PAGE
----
Lott, Johnny W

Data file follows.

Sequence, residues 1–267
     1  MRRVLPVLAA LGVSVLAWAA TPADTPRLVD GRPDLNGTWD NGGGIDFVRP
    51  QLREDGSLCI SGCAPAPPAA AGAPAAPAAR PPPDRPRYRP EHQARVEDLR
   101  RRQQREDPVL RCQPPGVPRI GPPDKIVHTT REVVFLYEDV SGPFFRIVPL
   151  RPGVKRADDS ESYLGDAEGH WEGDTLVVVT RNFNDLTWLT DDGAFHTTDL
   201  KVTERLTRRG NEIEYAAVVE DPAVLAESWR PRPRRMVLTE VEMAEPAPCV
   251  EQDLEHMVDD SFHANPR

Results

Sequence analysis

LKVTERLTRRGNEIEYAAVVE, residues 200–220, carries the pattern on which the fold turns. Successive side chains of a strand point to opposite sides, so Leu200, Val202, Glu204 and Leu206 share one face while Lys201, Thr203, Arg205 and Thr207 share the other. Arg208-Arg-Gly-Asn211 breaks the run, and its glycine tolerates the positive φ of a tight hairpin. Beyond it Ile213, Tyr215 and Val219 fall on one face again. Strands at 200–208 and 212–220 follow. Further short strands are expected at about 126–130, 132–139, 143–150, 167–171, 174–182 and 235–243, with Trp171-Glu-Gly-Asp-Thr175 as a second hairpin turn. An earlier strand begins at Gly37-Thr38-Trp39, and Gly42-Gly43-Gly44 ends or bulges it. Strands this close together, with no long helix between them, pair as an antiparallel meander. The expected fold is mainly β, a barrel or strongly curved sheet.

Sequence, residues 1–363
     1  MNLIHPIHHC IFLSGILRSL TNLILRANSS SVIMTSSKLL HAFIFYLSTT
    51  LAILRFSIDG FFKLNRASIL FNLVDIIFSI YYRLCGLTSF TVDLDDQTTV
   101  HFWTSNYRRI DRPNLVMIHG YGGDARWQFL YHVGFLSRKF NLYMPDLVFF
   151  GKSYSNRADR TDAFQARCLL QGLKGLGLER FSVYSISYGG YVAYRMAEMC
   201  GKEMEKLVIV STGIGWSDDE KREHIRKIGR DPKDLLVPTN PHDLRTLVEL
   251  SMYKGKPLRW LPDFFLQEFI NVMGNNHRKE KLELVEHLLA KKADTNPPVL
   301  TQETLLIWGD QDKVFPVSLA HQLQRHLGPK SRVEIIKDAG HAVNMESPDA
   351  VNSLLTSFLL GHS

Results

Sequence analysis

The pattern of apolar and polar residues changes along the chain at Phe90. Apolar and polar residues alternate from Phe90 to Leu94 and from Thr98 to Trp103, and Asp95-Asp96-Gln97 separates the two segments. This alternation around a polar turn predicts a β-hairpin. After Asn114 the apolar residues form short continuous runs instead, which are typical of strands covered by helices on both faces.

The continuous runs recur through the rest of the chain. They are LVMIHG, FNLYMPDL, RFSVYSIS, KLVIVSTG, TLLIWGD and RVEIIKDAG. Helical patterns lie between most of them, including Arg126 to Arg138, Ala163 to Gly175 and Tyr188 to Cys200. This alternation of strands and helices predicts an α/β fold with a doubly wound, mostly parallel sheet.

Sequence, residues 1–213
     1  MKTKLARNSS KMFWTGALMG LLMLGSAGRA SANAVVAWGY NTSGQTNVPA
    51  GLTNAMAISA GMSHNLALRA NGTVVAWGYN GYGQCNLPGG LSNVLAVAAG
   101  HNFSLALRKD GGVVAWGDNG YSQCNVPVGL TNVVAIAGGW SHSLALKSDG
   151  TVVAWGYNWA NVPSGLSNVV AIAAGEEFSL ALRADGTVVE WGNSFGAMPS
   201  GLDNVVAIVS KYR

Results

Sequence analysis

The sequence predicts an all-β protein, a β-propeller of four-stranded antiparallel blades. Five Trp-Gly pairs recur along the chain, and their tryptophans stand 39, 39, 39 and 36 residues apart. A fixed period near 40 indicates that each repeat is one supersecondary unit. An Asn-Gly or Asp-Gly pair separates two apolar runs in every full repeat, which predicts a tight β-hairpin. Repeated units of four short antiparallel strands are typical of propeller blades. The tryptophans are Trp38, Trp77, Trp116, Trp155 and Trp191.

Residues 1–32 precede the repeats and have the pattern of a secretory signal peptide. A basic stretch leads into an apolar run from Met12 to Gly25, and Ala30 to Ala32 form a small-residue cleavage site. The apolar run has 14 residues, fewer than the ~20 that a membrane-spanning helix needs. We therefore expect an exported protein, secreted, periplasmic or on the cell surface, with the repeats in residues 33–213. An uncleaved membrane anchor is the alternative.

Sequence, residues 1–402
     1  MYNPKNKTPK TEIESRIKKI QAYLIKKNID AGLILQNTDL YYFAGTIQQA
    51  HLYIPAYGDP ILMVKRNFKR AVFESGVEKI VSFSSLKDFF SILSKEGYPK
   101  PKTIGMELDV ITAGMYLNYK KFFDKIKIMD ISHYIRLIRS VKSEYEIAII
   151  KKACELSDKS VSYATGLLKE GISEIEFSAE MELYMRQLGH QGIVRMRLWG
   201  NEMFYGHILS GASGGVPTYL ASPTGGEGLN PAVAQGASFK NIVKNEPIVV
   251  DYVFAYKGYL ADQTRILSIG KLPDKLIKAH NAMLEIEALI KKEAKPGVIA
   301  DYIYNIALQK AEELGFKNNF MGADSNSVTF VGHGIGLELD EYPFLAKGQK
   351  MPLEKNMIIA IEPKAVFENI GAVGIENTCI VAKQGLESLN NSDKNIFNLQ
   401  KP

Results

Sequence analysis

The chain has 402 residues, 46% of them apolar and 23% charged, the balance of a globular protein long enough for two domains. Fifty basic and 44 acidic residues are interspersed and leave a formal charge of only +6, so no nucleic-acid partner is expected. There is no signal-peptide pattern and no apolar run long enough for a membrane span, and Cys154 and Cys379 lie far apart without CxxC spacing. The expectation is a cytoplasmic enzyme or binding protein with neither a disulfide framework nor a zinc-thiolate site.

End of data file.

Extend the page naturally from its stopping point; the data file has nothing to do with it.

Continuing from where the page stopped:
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The aim of the DG was to engage participants in fruitful dialogue about the nature and roles of international co-operation in mathematics education. Mathematics education, both research and practice, is international. This means that it is carried out in most places in the world and that, despite particular national or local characteristics, practitioners experience similar predicaments and share similar bodies of knowledge not only about mathematics but also about teaching and learning phenomena related to mathematics. Being international, relations among people in different national contexts have always been at the basis for the development of new trends in the field. The history of ICMI as an international organisation promoting coordinated effort towards the betterment of mathematical instruction is a clear example of how the development of the field is international from its outset (Menghini, Furinghetti, Giacardi, & Arzarello, 2008). The nature and role of internationalisation in relation to the advancement of mathematics education has changed with time. From being an exchange between mainly European and North American mathematicians interested in exploring ideas for instruction at the beginning of the 20th century, in the last decade we have an extensive network of mathematicians and mathematics educators placed in a variety of research and teaching institutions, all around the world. In ICME-10, DG 5 had already taken up this issue under the heading “International cooperation in mathematics education”. The group concluded the following important points (Atweh & Boero, 2008). In a globalised world with increasing inequality, international cooperation can be strategic to get access to scarce resources. However, the difference in resources in a partnership can lead to a dominant role of those who have access to the resources and thereby creating an unequal partnership. There are clear barriers to cooperation, namely financial resources, language barriers, cultural norms, conflicting agendas and issues of voicing the results of cooperation. The search for a genuine, mutually beneficial, equitable cooperation could diminish the impact of the barriers. Whether internationalisation leads to homogenisation depends on whether cooperative participants succeed in building strong links “from the bottom” so that diversification of perspectives and forms of contribution in cooperation can emerge. DG 6 ICME-11 built on the discussions and lessons from the previous group. The following questions guided our discussions. What are the goals of international co-operation? Cooperation can take many forms, be organised in many ways, and be implemented accordingly. What are the advantages and disadvantages of different forms, organisations, and implementations? What topics best fit into which version of cooperation? What are the advantages and disadvantages of using regional versus global cooperation? What are concrete examples of international co-operation and what has been learned that can be disseminated to all? What are the barriers to international cooperation and how they can be dealt with? Would international cooperation lead to homogenisation? Would that be to the detriment of mathematics education or in its favour for acceptance of the discipline at large? As a response for a broad paper call, we received nine written contributions, which were made available prior to the conference. The sessions during the conference were organised to build on the written contributions but also to integrate the experience of the twenty participants, from countries such as Australia, Colombia, Denmark, Finland, France, Germany, Japan, Mexico, Peru, Thailand, United Kingdom, Unites States of America and Vietnam. In what follows, a thematic discussion of the main issues that emerged during the sessions as a response to the motivating questions is presented. We will support the points raised using the written contributions submitted to the group.